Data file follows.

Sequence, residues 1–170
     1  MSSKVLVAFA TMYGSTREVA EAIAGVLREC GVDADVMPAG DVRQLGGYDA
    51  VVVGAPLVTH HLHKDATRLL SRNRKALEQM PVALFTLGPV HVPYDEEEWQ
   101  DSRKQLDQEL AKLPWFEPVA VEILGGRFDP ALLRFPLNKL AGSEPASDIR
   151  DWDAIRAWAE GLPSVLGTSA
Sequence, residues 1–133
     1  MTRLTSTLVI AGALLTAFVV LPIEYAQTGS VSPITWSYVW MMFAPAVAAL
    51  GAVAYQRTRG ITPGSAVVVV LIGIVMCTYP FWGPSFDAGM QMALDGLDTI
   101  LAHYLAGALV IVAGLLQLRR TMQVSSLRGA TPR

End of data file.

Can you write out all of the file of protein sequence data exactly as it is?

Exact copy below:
Sequence, residues 1–170
     1  MSSKVLVAFA TMYGSTREVA EAIAGVLREC GVDADVMPAG DVRQLGGYDA
    51  VVVGAPLVTH HLHKDATRLL SRNRKALEQM PVALFTLGPV HVPYDEEEWQ
   101  DSRKQLDQEL AKLPWFEPVA VEILGGRFDP ALLRFPLNKL AGSEPASDIR
   151  DWDAIRAWAE GLPSVLGTSA
Sequence, residues 1–133
     1  MTRLTSTLVI AGALLTAFVV LPIEYAQTGS VSPITWSYVW MMFAPAVAAL
    51  GAVAYQRTRG ITPGSAVVVV LIGIVMCTYP FWGPSFDAGM QMALDGLDTI
   101  LAHYLAGALV IVAGLLQLRR TMQVSSLRGA TPR